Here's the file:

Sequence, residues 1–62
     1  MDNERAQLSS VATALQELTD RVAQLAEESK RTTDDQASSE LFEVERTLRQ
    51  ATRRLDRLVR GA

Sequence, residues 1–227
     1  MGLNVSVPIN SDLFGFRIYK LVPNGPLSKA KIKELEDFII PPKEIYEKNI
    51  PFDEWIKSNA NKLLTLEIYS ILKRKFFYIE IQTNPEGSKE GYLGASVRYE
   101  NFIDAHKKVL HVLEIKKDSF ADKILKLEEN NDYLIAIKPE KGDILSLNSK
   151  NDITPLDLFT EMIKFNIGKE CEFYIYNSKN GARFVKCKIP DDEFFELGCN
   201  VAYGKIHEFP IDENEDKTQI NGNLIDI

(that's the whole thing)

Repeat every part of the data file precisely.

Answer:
Sequence, residues 1–62
     1  MDNERAQLSS VATALQELTD RVAQLAEESK RTTDDQASSE LFEVERTLRQ
    51  ATRRLDRLVR GA

Sequence, residues 1–227
     1  MGLNVSVPIN SDLFGFRIYK LVPNGPLSKA KIKELEDFII PPKEIYEKNI
    51  PFDEWIKSNA NKLLTLEIYS ILKRKFFYIE IQTNPEGSKE GYLGASVRYE
   101  NFIDAHKKVL HVLEIKKDSF ADKILKLEEN NDYLIAIKPE KGDILSLNSK
   151  NDITPLDLFT EMIKFNIGKE CEFYIYNSKN GARFVKCKIP DDEFFELGCN
   201  VAYGKIHEFP IDENEDKTQI NGNLIDI